Newsmakers | Fall 2022
The Newsmakers section of Radcliffe Magazine brings the extraordinary achievements of Radcliffe alumnae, faculty, and fellows to our readership. Please tell us about your awards, publications, and other accomplishments by e-mailing email@example.com.
In November, TAKREEM Foundation honored Hala Zreiqat RI ’17 with its 2022 Scientific and Technological Achievement Award, in recognition of her contributions to the field of biomaterials and tissue engineering. She traveled to Abu Dhabi, United Arab Emirates, to accept the award.
Tuna Şare Ağtürk RI ’19 won the Archaeological Institute of America’s 2023 James R. Wiseman Book Award for her book The Painted Tetrarchic Reliefs of Nicomedia, Uncovering the Colourful Life of Diocletian’s Forgotten Capital (Brepols, 2021), on which she worked during her fellowship. “She shows that the new iconography went through a transitional phase that has not been known previously,” wrote the organization in the award announcement. “This study expands our knowledge of material and visual culture well beyond the traditional focus on Rome.”
The Other Side of Terror: Black Women and the Culture of US Empire (NYU Press, 2021), by Erica R. Edwards RI ’18, earned the 2022 John Hope Franklin Publication Prize, awarded by the American Studies Association for the best book in American studies. The Other Side of Terror “exemplifies and advances the very best of American studies interdisciplinarity by offering at once a stunningly original analysis of US counterinsurgent power and a new way of reading Black women’s expressive culture,” wrote the ASA in its announcement of the 2022 prize recipients.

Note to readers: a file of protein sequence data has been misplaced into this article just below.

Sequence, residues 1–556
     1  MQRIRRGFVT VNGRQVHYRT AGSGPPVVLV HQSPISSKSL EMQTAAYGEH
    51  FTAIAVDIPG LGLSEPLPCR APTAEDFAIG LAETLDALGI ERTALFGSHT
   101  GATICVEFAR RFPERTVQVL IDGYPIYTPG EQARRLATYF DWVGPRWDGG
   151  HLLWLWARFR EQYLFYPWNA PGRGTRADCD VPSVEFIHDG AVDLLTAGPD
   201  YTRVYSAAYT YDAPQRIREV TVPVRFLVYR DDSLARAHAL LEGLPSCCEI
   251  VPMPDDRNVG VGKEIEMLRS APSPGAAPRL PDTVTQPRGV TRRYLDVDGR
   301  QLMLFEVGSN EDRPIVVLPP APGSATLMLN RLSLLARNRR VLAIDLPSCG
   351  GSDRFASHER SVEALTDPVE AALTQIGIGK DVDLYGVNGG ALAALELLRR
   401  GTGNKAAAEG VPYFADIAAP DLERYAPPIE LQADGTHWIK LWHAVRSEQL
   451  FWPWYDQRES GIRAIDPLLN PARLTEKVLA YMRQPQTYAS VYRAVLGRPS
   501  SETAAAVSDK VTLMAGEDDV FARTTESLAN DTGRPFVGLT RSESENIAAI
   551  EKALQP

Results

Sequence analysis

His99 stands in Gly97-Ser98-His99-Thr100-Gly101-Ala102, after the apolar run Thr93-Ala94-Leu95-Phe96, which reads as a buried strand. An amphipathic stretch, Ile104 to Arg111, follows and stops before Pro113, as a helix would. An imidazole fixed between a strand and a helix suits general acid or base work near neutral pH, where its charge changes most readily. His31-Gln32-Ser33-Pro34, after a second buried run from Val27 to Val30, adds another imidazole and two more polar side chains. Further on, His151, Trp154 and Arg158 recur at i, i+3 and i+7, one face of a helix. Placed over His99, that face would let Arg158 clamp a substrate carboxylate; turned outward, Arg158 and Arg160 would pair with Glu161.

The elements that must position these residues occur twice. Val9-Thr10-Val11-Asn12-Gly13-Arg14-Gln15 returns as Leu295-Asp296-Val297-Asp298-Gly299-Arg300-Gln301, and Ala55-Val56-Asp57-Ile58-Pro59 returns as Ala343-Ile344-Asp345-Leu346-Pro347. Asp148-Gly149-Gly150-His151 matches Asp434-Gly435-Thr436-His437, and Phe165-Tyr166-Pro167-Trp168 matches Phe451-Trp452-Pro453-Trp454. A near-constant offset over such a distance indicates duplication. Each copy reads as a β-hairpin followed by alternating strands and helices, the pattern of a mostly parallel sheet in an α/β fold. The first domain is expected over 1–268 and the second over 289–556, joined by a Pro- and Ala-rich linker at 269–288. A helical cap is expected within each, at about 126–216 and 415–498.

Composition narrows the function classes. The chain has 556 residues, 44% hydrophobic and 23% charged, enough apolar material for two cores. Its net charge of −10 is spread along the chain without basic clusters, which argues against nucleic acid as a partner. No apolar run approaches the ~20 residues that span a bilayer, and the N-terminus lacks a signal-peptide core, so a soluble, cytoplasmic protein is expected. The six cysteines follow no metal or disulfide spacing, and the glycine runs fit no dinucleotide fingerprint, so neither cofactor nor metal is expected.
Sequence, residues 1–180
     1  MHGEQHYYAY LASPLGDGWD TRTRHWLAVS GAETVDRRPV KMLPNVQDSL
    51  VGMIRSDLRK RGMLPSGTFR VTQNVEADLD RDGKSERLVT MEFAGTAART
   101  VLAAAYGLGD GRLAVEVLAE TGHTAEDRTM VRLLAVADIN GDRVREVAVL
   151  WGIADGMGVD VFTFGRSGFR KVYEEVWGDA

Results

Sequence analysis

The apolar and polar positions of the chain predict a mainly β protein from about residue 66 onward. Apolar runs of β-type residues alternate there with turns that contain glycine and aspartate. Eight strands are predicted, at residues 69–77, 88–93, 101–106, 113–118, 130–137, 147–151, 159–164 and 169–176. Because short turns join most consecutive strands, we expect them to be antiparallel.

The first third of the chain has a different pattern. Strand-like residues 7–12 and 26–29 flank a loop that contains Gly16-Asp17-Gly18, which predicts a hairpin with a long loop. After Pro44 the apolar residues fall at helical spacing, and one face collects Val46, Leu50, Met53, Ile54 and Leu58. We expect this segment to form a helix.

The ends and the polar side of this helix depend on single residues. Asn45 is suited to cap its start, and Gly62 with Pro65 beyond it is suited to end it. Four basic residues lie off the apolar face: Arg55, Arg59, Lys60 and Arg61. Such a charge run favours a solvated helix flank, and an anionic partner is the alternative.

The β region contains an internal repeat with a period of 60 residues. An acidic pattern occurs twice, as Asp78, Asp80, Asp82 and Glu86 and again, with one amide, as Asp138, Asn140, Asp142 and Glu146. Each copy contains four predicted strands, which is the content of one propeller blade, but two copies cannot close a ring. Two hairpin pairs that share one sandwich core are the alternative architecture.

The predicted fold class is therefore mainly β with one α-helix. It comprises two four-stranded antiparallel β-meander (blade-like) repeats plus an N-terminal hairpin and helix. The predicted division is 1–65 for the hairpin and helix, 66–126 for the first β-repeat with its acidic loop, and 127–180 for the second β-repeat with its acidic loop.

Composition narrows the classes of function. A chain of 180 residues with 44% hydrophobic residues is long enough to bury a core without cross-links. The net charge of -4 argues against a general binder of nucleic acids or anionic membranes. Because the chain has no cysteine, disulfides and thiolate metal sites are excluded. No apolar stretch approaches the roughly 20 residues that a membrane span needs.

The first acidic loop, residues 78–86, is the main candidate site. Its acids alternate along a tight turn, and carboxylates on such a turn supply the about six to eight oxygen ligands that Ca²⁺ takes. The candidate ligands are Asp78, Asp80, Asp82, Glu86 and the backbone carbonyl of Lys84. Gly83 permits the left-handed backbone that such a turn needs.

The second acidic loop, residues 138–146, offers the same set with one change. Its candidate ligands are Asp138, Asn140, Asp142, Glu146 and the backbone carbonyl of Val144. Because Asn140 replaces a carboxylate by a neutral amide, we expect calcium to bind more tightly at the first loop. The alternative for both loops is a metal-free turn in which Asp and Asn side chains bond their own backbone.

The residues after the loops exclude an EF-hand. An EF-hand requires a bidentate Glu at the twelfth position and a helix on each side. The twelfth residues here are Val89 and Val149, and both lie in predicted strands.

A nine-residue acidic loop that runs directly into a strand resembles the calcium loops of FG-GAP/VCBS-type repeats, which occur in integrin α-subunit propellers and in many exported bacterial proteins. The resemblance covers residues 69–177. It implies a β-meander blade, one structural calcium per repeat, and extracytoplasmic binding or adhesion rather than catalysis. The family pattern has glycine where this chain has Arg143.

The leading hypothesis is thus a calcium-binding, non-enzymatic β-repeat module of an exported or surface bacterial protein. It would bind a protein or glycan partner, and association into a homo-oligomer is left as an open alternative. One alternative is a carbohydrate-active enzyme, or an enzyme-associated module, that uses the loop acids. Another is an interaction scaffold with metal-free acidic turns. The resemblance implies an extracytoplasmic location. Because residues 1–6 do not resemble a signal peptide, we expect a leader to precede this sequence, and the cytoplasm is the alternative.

A number of Radcliffe affiliates can be found among the 2022 MacArthur Fellows, announced last month: the artist and filmmaker Sky Hopinka RI ’19; the writer Kiese Laymon RI ’21; the physician and researcher Emily Wang ’97; and the mathematician Melanie Matchett Wood RI ’22, who is a Radcliffe Alumnae Professor.
The American Library Association announced its longlist for the 2023 Andrew Carnegie Medals for Excellence in Fiction and Nonfiction. The Invisible Kingdom: Reimagining Chronic Illness (Riverhead Books, 2022), by Meghan O'Rourke RI ’15, and Solito (Hogarth, 2022), by Javier Zamora RI ’19 (see Shelf Life, below), were among the 21 nonfiction books on the list.
Carolyn R. Bertozzi ’88 was among the three scientists awarded the Nobel Prize in Chemistry. In its citation, the award committee cited “the development of click chemistry and bioorthogonal chemistry” as the prize motivation, further noting on the Nobel website that she “took click chemistry to a new dimension and began using it to map cells. Her bioorthogonal reactions are now contributing to more targeted cancer treatments, among many other applications.” She is the first female graduate of Harvard College to win a Nobel, said the Harvard Crimson.
The Hutchins Center for African & African American Research included the Nigerian writer Chimamanda Ngozi Adichie RI ’12 among the seven luminaries honored with a 2022 W. E. B. Du Bois Medal. The honorees “exemplified the award’s theme of extraordinary commitment to social justice,” said a Harvard Gazette article about the awards ceremony. Because of the pandemic, it was the first time that the medal has been awarded since 2019.
Among the National Book Awards finalists were Best Barbarian (W. W. Norton, 2022), by Roger Reeves RI ’22, in the poetry category and The Invisible Kingdom: Reimagining Chronic Illness (Riverhead Books, 2022), by Meghan O'Rourke RI ’15, in the nonfiction category. Imani Perry JD ’00, PhD ’00, who will join Radcliffe this coming July as a Carol K. Pforzheimer Professor, won in the nonfiction category for South to America: A Journey below the Mason-Dixon to Understand the Soul of a Nation (Ecco, 2022).
Tanisha C. Ford RI ’19 sang the praises of what she calls “arguably the longest-running African American family drama in history” in “The Remarkable Legacy of Queen Sugar,” published in Time. “The nuanced characters, lighting that celebrated the beauty of melanated skin, and soulful soundtrack galvanized a legion of Twitter fans who shared their commentary using #gimmiesugar,” said Ford. The show ended in late November after a seven-season run.
In “Why 2 Is the Best Number and Other Secrets from a MacArthur-Winning Mathematician,” Scientific American talked to the recent MacArthur winner Melanie Matchett Wood RI ’22 about her life and work.